By Anthony Barich
CATHOLIC Education Office Melbourne is providing $1500 to schools for each family who has lost their home in the Victorian firestorm to offset 2009 school fees and charges.
Additional funds are also being provided to assist with educational and relocation expenses for displaced families, while CEO psychologists and counsellors are available to support teachers and students of Catholic schools in the fire affected areas.
An additional $1000 will be provided to parents per school child, via the school, for other educational costs including school uniforms, if a family has lost their home. CEO Melbourne director Stephen Elder has established an internal Emergency Response Team that has met regularly to coordinate responses as the impact and extent of the tragedy unfolds.
All Catholic schools across Victoria are now open and operating after primary schools including St Brigid’s, Healesville, Sacred Heart, Yea, St Mary’s, Yarram, St Mary’s, Alexandra, St Mary’s, Whittlesea, Lumen Christi, Churchill, St Joseph’s, Beechworth and Marist-Sion College, Warragul all closed within three days of the fires starting on February 7.
“Many of our staff and students are anxiously awaiting information about missing family members, neighbours and friends, while others have lost their family homes or been forced to evacuate them,” Mr Elder said during the first week of the crisis. While three State schools burned down, all Catholic schools were spared; though a Catholic school in Healesville was “under threat for a while”, according to a Melbourne diocesan spokesman.
“We were very fortunate indeed,” he said. “Teachers have lost homes and families, but our schools have been spared.”
There was no school in Kinglake and Marysville, where the local parish churches burned to the ground. Blood and cash donations are being sought from Victorian Catholic school students and staff.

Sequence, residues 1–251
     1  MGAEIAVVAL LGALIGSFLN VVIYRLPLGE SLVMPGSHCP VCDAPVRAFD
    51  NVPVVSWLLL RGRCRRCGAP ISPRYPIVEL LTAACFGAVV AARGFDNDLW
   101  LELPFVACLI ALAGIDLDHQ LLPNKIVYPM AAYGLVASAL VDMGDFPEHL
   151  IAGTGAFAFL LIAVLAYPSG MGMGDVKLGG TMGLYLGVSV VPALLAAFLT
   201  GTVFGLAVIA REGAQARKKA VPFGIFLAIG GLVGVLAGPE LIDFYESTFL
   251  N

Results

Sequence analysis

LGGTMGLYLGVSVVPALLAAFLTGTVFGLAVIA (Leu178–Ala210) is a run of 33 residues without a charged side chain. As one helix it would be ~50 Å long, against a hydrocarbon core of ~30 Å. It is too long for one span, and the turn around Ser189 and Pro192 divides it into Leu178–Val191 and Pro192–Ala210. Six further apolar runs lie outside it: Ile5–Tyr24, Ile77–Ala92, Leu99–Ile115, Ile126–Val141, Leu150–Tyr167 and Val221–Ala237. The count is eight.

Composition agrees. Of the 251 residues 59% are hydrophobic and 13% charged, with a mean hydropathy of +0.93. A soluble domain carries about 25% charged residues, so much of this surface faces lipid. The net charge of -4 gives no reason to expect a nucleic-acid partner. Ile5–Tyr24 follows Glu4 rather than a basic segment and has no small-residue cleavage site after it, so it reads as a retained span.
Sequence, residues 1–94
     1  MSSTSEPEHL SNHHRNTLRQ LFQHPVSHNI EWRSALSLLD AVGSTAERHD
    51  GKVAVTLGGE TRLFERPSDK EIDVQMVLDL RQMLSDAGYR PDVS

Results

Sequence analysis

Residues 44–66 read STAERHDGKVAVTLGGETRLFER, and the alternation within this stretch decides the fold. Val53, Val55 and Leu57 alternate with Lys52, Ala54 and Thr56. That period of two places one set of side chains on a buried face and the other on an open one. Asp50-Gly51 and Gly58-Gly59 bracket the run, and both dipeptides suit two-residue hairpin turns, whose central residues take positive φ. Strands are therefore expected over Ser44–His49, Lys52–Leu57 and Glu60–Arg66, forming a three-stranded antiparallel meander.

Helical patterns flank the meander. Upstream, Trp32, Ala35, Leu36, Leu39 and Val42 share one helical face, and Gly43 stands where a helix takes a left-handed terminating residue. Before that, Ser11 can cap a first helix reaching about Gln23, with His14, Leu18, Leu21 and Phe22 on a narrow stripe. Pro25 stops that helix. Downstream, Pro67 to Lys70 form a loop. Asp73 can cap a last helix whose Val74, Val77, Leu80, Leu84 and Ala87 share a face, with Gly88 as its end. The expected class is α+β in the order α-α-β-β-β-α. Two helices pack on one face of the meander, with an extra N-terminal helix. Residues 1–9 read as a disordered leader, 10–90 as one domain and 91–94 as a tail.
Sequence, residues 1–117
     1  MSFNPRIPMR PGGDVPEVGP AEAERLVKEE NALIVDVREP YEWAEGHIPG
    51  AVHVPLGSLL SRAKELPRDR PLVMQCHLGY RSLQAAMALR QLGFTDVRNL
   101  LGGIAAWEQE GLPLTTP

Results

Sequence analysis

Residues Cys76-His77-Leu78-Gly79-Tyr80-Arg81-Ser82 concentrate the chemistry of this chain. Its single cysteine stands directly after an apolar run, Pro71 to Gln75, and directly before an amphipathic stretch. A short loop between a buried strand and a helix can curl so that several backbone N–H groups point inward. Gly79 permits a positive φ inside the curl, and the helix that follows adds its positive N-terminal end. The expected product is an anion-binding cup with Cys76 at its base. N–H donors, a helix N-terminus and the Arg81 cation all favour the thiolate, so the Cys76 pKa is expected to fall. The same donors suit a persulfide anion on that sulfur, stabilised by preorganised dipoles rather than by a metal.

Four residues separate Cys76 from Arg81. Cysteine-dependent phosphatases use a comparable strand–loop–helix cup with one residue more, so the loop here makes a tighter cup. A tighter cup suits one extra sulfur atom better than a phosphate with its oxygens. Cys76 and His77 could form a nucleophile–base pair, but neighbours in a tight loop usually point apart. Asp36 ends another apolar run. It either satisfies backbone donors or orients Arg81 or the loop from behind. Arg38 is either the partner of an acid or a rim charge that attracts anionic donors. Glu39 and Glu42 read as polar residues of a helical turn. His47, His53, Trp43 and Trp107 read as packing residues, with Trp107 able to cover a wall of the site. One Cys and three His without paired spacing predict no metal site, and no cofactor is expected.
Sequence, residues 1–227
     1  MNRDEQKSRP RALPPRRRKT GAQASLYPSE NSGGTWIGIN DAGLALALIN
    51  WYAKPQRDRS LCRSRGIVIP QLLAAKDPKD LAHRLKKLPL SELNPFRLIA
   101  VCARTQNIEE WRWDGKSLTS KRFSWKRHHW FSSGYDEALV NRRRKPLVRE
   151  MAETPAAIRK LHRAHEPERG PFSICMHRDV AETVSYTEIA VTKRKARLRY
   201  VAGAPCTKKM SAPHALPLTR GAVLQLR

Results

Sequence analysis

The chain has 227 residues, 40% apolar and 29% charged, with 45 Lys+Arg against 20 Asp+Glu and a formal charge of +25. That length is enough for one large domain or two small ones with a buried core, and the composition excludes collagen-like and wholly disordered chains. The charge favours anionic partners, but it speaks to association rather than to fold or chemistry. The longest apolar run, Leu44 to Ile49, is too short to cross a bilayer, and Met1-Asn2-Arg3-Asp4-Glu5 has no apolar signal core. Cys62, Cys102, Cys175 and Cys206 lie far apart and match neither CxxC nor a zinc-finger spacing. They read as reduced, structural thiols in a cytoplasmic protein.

The Catholic Church’s presence in bushfire affected communities during the initial crisis and recovery stages will need to go beyond its normal and ongoing presence as represented by the “faithful and committed” parish communities, their priests, pastoral associates and religious who are “there for the long haul”, Melbourne Archbishop Denis Hart said.
“The Church in Melbourne is committed to a sustained effort to meet the pastoral, welfare and education needs of the affected communities and to the rebuilding of those communities over the coming years,” the prelate said.
It has also been announced that Fr Greg Bourke, who Archbishop Hart appointed as the Bushfire Recovery Chaplain, will also arrange extra assistance that may be needed for funeral services.
This adds to Fr Bourke’s list of duties that already include liaising between State and civil authorities, key Catholic agencies such as the Catholic Education Office, Centacare Catholic Family Services and the Society of St Vincent de Paul and the parish priests and pastoral teams embedded in the affected communities.
Archbishop Hart visited communities in the fire zones around Healesville, Tarrawarra, Alexandra and Yea on February 17, following his visit to communities in Whittlesea the week before.
In Healesville, he spoke with emergency service personnel and told them of his “enormous admiration” for their work.
Prime Minister Kevin Rudd has called on parish communities to pass on their prayers and condolences to those affected.